In my experience, deep sharing of sexual fulfillment in intimate relationships enhances the intimacy and makes possible the release of greater creative power in the whole person - if the expression of sexuality is part of other aspects of an inclusive intimacy which 1 find illuminated, if not defined, in the principles of the person-centered approach to inter-personal relationships.

 

In this paper we have chosen ourselves as our primary sources, trusting that we are the most accurate and trustworthy sources of information about us and our experiencing of intimacy in a person-centered way of being.

 

We are inviting you to be present at parts of our dialogue which has continued over a period of several months, and in so doing to become, with us, a part of the process by which this paper has grown. Reading a paper presented in this form may be more difficult, requiring an active involvement similar to empathic listening, entering into our experience. We have not distilled for you or organized in logical sequence the ideas and experiences presented here, choosing rather that you be present, if you will, in our incomplete search for clarity.

 

By being in this way transparent, we hope to be known as we are, to be open to your responses. In this way the process of knowing and being known, an intimacy in itself, can continue.

Ruth Sanford

 

 

 

 

 

 

More Introductory Remarks

 

 

I feel quite excited as 1 welcome you to share our experience. I may not be physically present in the community 4hich will be the forum, but whether I am present there or not, my hope is, for some continuation, encounter and expanding of our present understanding of Intimacy and the person-centered approach as we are presenting it in this paper in the form of responses from some of my old friends and friends yet unmet. I acknowledge that what I truly value on the following pages ( many of them pieces of our dialogue) comes from the richest source of my learnings: The people in my life. As this international community forms, I would like to include you, the reader, among them.

 

In our experience of being and working in this partnership together I have come to understand a person-centered approach to intimacy as facilitative as a taoistic bi-polar harmonically opposing flow between myself and the other in our constantly changing, mutually arising selves.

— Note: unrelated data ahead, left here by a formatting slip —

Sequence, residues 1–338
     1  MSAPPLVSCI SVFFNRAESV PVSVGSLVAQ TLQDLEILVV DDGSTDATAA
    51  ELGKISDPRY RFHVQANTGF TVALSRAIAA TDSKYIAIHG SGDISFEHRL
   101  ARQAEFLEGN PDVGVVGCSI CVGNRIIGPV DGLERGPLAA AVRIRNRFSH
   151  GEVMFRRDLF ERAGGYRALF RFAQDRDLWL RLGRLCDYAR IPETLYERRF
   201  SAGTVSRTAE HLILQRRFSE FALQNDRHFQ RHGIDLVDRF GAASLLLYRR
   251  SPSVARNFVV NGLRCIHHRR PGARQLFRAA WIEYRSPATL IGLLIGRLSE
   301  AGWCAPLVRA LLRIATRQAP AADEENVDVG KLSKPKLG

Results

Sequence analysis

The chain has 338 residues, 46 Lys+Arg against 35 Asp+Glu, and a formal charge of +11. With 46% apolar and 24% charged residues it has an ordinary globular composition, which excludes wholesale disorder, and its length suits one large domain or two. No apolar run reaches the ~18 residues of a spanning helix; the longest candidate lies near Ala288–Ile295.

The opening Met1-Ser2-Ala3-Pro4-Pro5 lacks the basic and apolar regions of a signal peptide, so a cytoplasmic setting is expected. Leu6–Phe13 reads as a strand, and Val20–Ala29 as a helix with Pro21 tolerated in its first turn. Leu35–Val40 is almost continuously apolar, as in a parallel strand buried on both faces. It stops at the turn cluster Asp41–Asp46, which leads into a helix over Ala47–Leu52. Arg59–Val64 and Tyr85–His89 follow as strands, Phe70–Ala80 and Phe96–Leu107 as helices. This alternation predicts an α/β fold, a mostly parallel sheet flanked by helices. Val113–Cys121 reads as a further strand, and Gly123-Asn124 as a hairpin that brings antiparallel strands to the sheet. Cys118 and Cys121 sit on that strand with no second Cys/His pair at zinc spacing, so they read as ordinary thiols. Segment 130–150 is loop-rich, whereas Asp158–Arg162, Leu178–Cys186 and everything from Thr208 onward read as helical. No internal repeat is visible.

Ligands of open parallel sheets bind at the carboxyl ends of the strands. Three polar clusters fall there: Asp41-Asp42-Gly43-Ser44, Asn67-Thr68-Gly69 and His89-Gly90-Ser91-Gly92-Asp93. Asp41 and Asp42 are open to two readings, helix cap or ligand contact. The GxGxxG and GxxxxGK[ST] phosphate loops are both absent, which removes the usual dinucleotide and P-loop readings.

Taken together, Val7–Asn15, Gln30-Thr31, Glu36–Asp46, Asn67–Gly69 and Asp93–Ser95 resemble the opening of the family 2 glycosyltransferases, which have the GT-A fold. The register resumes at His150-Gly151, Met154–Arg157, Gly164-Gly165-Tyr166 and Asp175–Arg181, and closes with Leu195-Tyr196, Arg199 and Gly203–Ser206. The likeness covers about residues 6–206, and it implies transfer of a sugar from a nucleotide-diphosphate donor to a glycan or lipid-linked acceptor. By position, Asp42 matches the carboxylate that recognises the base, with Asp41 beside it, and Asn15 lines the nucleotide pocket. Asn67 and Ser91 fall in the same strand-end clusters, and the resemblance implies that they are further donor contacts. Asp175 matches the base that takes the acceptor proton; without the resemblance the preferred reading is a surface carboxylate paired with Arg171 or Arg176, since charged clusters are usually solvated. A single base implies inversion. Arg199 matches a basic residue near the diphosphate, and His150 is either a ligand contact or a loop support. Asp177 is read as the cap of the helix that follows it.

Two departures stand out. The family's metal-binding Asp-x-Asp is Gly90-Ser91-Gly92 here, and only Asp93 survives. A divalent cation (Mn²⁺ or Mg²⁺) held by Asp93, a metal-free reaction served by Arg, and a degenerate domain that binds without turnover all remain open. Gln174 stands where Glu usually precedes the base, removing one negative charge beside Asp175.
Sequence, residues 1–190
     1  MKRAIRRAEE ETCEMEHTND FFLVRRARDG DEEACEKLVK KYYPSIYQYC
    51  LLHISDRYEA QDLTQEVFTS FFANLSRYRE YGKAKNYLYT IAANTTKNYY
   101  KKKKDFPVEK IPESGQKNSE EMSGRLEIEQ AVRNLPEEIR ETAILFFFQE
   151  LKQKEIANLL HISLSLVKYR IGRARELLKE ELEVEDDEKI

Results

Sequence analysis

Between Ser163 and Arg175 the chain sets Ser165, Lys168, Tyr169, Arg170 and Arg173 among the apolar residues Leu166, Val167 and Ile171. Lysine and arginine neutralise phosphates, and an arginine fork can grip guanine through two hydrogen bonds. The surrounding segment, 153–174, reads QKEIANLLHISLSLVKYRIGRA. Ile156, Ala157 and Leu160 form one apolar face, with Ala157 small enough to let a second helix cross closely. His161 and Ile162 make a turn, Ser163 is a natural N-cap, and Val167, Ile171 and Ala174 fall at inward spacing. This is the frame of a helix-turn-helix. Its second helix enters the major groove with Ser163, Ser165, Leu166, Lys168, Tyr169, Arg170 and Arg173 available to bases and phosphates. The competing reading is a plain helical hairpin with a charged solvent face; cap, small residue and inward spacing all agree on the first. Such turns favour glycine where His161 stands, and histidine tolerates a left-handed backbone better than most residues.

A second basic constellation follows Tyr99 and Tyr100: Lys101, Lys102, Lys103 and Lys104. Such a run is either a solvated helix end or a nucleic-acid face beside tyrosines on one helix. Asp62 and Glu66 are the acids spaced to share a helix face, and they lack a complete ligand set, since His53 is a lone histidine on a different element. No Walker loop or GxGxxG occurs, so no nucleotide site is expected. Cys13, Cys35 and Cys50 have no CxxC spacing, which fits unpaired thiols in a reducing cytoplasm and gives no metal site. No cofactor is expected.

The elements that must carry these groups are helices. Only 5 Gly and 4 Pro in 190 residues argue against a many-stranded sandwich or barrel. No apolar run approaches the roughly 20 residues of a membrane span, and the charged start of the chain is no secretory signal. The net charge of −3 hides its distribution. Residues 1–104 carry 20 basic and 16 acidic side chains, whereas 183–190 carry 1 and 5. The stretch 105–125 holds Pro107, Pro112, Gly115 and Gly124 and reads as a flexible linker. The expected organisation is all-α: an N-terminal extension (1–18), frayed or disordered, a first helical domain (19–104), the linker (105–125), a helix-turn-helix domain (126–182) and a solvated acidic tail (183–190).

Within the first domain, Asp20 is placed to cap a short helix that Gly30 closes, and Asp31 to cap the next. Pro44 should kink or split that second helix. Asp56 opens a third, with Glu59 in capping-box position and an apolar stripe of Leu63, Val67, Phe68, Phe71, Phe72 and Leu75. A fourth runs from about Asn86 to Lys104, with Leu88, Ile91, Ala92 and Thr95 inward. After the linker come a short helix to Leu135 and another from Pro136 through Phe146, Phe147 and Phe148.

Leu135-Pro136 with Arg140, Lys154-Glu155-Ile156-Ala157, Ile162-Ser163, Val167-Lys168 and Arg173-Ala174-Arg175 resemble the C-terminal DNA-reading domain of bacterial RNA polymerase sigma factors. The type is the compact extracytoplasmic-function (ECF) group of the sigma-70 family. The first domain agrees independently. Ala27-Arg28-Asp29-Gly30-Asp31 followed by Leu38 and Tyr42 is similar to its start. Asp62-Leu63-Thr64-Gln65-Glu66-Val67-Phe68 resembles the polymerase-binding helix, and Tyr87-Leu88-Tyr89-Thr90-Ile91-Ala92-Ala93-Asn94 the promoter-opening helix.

Our experience in intimate partnership seems responsive to some hypotheses and questions offered by Carl in A Way of Being regarding separate and multiple realities and communal and societal relationships. He has asked if we " can afford the luxury of having 'A’ reality ? " Or can we " have a community or society based on this hypothesis of multiple realities (and) ... a common commitment to each other as rightfully separate persons with separate realities". For me these questions are important for personal, dyadic and planetary " intimacy".

 

In our experiencing of a person-centered way of intimacy we have both facilitated and been facilitated by our separate realities. We have affirmed our commonality and confronted and ultimately prized our diversity. Our process has manifested our potential for expanding our individuated end shared experience. My sense of intimacy has come to include a rhythmic synthesis of mind, body and spirit with that of my partner and a deeper appreciation of the facilitative value of empathy, congruence, acceptance and understanding.

 

In trusting and celebrating our unique manifestations of our self-actualizing tendencies, we have gained a fuller more expanded sense of our share in the formative and entropic tendencies, holistic manifestations of universal rhythms.

 

We have experienced constant change. To a high degree our relationship has evolved organismically rather than being limited by rigid internal or external expectations or boundaries. It has helped me to understand that person-centered intimacy thrives in freedom and is nurtured by my commitment to my own personhood and the evolving personhood of the other. I feel somewhat brave to be participating in relationships as open systems - with all of their perturbations and dissipations, always transforming themselves into new and more complex ways of being.

 

As we progressed in our work together our experiences returned us to Carl's "Theory of Therapy, Personality and Interpersonal Relationships" wherein he posits the individual’s need for positive regard as a reciprocal process. This is an important factor in our way of being together.